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The DOJ is hitting Apple with a bigger bat than regulators are swinging at other tech giants

The DOJ is hitting Apple with a bigger bat than regulators are swinging at other tech giants

The sweeping antitrust lawsuit Apple faces from the Department of Justice takes a broader aim at its business than cases against Big Tech rivals including Google, Facebook, and Amazon. It’s also more grounded in antitrust law than some of those suits, experts say.

The DOJ alleged in its complaint filed last week that Apple has created an illegal monopoly in the smartphone market. The DOJ’s two cases against Google parent Alphabet, and the Federal Trade Commission’s lawsuits against Amazon and Facebook parent Meta, focus on their dominance of different markets: digital advertising, online retail, and personal social networking.

The flurry of litigation from the DOJ and FTC is an attempt to enforce regulation of Big Tech where lawmakers have largely failed. Their success would give other smartphone makers a better shot at competing with Apple, other search engines a stronger chance against Google, and other online retailers a fighting chance against Amazon.

The arguments at issue in the five recent Big Tech antitrust lawsuits are distinct. And it’s “good for the [tech] industry” that regulators are casting a wide net, said Barak Richman, a law professor at Duke University.

Read more: Apple says the DOJ’s antitrust lawsuit is misleading

Thomas Nachbar, a professor at the University of Virginia’s law school, echoed that sentiment. “As a matter of policy and politics, winning against one Big Tech firm will make it easier for enforcers to bring cases against others,” he said.

But there are also drawbacks to the varied antitrust approaches.

“The fact that the cases present slightly different theories and very different facts means that I’m not sure how strong a precedent they would set for each other,” Nachbar said.

Here’s a look at the case against Apple, and how it compares to suits against its tech rivals.

Apple vs. the DOJ

In a damning, 88-page complaint, the Department of Justice took broad aim at Apple.

The DOJ said the company’s anti-competitive practices not only hurt smartphone competitors but also developers of apps, smartwatches, and digital wallets. Apple’s alleged actions — inhibiting non-Apple smartwatches from maintaining a reliable connection to iPhones, for example — actually make the iPhone a worse product, the lawsuit said, all in the name of maintaining a monopoly.

“It makes no economic sense for Apple to sacrifice the profits it would earn from new features and functionality unless it has some other compensating reason to do so, such as protecting its monopoly profits,” the DOJ said in its complaint.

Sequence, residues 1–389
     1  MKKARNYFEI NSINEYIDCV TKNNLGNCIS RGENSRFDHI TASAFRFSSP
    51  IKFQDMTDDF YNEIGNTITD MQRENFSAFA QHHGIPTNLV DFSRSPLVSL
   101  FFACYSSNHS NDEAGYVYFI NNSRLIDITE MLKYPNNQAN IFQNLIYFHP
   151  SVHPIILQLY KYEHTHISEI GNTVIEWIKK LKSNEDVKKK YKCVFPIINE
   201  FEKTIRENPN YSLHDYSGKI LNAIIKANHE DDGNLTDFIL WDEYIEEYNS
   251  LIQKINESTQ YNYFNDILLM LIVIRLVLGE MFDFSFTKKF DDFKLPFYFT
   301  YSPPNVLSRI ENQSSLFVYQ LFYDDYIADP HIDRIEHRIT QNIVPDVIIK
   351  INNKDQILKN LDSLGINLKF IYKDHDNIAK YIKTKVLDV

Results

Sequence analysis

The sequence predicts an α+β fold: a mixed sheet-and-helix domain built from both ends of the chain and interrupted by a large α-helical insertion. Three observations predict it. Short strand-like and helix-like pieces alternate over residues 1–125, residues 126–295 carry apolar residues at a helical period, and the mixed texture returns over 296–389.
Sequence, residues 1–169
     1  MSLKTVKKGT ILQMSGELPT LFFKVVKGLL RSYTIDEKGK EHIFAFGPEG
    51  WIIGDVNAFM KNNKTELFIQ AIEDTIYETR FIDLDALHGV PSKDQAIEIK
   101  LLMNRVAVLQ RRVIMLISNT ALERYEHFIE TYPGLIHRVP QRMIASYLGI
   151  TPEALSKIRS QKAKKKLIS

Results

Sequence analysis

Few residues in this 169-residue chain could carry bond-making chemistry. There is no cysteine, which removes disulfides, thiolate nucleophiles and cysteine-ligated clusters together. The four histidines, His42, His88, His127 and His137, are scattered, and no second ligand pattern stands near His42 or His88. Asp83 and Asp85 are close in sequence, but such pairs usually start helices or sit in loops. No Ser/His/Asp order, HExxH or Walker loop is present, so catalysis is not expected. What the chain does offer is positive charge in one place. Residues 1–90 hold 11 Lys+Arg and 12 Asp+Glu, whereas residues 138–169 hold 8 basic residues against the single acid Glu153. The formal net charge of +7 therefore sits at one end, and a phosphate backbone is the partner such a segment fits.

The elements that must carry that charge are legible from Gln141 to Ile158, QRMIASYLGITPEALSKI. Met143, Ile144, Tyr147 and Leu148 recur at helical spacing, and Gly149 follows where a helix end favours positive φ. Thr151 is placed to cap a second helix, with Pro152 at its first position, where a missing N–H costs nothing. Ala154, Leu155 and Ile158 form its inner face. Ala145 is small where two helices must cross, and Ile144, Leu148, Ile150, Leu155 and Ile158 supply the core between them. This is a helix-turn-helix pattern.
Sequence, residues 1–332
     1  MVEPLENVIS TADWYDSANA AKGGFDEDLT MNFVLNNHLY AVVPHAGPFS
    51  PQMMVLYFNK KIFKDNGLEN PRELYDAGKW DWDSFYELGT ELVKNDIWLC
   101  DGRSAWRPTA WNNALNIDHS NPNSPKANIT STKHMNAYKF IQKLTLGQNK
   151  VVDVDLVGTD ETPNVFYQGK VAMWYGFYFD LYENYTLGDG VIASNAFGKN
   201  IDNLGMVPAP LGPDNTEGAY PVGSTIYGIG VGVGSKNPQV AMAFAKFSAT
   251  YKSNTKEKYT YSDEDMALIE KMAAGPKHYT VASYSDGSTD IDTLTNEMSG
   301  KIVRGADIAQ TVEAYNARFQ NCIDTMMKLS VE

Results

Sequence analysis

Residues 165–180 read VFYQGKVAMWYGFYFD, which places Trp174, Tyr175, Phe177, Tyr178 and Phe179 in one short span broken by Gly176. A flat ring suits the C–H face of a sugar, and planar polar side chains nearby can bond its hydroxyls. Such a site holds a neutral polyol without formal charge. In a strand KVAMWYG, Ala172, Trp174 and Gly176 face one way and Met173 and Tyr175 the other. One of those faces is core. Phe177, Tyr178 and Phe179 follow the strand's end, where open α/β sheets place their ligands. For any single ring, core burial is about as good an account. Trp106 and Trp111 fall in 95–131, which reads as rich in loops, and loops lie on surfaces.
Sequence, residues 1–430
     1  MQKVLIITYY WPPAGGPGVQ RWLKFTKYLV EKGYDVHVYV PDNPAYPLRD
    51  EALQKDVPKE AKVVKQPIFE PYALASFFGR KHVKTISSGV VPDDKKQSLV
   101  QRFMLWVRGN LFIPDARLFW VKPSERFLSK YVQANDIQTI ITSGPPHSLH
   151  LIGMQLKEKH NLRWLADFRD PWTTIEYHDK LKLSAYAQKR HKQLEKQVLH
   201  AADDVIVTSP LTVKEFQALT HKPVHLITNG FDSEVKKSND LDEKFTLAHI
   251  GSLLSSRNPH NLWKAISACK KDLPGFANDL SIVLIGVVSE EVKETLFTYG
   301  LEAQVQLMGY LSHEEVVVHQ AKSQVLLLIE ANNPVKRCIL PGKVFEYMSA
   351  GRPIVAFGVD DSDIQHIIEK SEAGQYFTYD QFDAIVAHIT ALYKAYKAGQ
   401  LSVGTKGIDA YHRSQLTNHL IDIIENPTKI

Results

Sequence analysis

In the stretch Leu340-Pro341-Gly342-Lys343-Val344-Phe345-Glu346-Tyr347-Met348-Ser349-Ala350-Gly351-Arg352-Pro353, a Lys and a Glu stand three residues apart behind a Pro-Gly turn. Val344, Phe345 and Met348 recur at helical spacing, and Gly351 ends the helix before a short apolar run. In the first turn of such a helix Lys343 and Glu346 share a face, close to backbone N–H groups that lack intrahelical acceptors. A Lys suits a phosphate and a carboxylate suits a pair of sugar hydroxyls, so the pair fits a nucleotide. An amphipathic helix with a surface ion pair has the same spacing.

The claims levied against Apple, which the company vehemently denies, are more intuitive and far-reaching than those against the other four tech giants, Nachbar said.

Facebook vs. the FTC

The Federal Trade Commission’s lawsuit against Facebook parent Meta also alleged that it violated antitrust law and stifled competition — but through mergers. The FTC said Facebook’s acquisitions of Instagram and WhatsApp were meant to “eliminate threats to its monopoly,” violating the Sherman Antitrust Act.

But Nachbar believes the allegations against the social media company “are less well-connected to antitrust law.”

Richman, of Duke, went even further, calling the Facebook suit “antithetical” to federal antitrust law. “It seems to malign Facebook for buying something that could do something that it itself could not do,” he said. “And I think that that’s exactly the kind of acquisition you want companies to engage in.”

The FTC’s case against Amazon — which said the e-retail giant made life hard for lower-priced sellers on its site — is stronger than its suit against Facebook, according to Richman. Still, it’s Apple in hotter water because the DOJ suit attacks it on so many fronts.

Google vs. the DOJ

Perhaps the strongest of regulators’ Big Tech antitrust cases is the DOJ’s 2020 lawsuit against Google for maintaining a monopoly over search engine services. That ongoing case is more like the landmark 1998 antitrust action against Microsoft than the DOJ’s lawsuit against Apple, Richman said.

“The Google case has the benefit of drawing strong analogies to a previous case that the government won,” he said, “so to the degree that you can convince a court that [the lawsuit is] doing something that its predecessor did, that’s a good legal strategy.”

While the DOJ itself drew connections between its claims against Apple and the 1990s Microsoft case — Microsoft is mentioned 26 times in the complaint — those comparisons are less clear.

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